Definition of done: the Swiss army knife of Scrum

Most of the concepts in Scrum are easy to understand but extremely difficult to master. This is due to the fact that Scrum is designed for perfect, and reality never is. The same principle applies to the Definition of Done.When we start up teams, we help them to set a Definition of Done (DoD).

Teams are taught the DoD is an instrument that will provide them transparency in two ways:

  • understanding what the effort of work is, considering all the tasks that need to be undertaken by the team before work can be marked as “done”.
  • understanding what “done” means when an item is inspected at the end of the sprint.

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Practice your micro-skills

Micro-skills are simple intervention techniques. When using micro-skills, you will facilitate sessions and have conversations that yield more effect and value. Using the micro-skills offers support in your facilitator or leadership role.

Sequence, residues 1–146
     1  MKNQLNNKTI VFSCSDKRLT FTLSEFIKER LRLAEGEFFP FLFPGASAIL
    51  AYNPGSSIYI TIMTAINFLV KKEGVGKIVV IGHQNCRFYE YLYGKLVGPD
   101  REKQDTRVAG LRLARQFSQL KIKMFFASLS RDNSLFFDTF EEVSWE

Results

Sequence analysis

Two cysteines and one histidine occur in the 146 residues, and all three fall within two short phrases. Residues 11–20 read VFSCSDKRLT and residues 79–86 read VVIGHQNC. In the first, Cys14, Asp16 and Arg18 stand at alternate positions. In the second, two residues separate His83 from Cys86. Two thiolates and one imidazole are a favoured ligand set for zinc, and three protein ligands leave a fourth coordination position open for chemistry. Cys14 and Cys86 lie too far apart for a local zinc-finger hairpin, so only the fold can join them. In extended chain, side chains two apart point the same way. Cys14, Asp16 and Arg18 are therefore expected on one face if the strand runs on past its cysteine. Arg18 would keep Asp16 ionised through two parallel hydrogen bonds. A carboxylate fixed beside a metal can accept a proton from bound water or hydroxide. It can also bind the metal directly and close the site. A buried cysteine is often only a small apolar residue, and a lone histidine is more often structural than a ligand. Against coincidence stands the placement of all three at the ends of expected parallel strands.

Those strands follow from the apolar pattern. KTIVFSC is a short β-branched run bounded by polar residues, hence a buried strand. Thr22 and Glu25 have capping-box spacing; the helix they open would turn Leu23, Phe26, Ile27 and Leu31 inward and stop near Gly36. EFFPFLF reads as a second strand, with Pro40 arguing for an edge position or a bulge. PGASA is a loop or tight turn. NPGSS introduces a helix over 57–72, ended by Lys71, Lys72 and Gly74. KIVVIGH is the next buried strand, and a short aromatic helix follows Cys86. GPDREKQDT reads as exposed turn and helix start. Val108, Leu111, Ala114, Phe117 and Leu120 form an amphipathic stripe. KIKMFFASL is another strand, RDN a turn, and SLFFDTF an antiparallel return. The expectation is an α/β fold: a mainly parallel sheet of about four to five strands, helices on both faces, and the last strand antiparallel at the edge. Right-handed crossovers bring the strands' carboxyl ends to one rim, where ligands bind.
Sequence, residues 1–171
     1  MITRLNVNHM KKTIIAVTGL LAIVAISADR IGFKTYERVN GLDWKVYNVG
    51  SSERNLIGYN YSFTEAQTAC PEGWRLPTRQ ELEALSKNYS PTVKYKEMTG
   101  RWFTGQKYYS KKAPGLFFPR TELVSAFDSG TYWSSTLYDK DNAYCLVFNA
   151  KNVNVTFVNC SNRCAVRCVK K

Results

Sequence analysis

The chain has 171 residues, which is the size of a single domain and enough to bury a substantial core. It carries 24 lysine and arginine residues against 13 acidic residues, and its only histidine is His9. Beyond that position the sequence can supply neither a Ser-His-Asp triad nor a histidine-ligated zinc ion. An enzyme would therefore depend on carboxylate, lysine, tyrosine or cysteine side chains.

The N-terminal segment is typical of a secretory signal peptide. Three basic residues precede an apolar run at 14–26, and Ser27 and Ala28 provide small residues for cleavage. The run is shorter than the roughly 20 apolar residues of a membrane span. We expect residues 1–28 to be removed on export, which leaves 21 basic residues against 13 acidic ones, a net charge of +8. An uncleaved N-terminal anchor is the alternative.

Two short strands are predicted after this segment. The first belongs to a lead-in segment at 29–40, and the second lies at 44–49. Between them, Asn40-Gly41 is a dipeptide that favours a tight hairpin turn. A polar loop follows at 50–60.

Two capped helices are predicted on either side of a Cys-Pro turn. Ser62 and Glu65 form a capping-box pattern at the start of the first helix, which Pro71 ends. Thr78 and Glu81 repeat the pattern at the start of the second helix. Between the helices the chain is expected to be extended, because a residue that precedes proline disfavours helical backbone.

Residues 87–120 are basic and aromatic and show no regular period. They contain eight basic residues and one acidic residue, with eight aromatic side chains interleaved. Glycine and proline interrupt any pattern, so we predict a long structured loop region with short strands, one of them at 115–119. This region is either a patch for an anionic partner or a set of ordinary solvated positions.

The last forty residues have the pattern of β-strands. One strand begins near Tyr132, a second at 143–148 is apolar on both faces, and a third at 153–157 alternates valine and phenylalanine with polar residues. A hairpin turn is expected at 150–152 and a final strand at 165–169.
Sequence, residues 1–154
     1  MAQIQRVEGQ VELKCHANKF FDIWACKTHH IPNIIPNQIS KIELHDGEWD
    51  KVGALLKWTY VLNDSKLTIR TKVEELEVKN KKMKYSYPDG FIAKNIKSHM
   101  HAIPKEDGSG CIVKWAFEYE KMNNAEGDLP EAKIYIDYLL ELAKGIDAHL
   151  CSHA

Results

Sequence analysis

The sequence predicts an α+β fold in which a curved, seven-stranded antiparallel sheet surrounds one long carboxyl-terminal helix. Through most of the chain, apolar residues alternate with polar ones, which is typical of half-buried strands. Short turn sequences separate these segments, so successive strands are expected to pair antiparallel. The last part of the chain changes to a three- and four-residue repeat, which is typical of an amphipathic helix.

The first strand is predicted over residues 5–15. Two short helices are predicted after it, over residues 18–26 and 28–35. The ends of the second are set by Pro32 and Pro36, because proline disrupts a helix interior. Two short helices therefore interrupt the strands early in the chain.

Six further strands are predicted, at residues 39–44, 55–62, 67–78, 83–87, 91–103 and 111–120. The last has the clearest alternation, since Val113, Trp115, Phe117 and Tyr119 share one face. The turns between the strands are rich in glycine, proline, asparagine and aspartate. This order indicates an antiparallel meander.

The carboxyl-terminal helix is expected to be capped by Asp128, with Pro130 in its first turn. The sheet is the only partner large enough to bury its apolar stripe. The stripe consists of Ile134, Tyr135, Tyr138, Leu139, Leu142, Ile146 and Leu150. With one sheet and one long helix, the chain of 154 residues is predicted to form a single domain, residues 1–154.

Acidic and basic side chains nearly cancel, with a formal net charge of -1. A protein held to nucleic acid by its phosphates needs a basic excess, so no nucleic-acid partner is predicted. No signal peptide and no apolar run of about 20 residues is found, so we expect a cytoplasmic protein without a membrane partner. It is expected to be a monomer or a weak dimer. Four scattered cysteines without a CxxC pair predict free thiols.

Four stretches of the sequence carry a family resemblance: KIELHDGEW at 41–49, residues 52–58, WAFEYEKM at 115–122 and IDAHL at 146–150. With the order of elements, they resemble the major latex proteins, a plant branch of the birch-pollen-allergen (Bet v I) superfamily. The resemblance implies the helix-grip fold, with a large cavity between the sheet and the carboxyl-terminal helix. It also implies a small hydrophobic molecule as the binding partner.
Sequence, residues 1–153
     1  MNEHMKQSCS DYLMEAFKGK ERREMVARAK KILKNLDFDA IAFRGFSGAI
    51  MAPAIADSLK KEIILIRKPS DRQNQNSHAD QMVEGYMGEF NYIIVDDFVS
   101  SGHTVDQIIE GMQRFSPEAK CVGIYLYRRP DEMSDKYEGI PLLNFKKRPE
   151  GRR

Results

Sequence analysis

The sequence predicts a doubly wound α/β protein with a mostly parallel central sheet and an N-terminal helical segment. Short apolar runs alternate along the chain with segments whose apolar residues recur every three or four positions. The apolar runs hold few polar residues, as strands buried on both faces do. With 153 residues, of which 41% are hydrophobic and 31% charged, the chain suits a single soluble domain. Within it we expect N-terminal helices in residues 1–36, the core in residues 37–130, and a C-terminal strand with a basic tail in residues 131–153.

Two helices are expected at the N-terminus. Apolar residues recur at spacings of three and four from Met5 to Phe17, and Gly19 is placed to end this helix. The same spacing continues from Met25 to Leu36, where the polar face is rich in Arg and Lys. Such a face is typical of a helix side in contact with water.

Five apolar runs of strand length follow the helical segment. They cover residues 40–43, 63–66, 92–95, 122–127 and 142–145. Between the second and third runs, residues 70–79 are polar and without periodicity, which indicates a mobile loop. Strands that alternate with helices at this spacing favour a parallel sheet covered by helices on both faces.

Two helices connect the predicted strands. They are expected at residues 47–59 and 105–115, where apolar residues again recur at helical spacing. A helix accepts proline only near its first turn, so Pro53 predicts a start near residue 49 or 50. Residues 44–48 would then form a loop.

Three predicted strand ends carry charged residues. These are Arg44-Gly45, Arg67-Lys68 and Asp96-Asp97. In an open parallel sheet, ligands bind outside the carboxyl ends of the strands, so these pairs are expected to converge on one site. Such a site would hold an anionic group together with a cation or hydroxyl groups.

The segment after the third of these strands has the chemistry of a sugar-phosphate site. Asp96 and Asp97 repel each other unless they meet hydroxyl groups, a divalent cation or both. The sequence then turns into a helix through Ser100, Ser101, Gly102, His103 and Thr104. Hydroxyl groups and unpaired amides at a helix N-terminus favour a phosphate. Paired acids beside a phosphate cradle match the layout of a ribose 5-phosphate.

I have developed a workshop to train a set of 18 micro skills. In this workshop, you will learn to consciously facilitate a discussion or an interview using micro-skills.

Workshop format

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Getting rid of fake PO’s.

LeSS adoption prescribes one person in the role of Product Owner (PO). Not multiple people, not a committee, just one person. Companies have a hard time in accepting the idea that one person can do this complex task for the whole product. The product is too big and there are too many customers and stakeholders the PO needs to deal with. Companies refuse to redefine the PO role description and stick to having multiple Fake PO’s. Continue reading

How can you make your team cross-functional?

Tash Sultana is a 22 year old musician. She is cross functional, a multi-instrumentalist producing fully arranged tracks live on stage.

My team consists of Frontenders, Backenders, a Tech Writer and a QA. I am their scrum master. They are working as a team for a while already. It’s a team in the sense that they work on the same sprint backlog, but they are not the team as you would see described in the Agile books: They are not cross functional.

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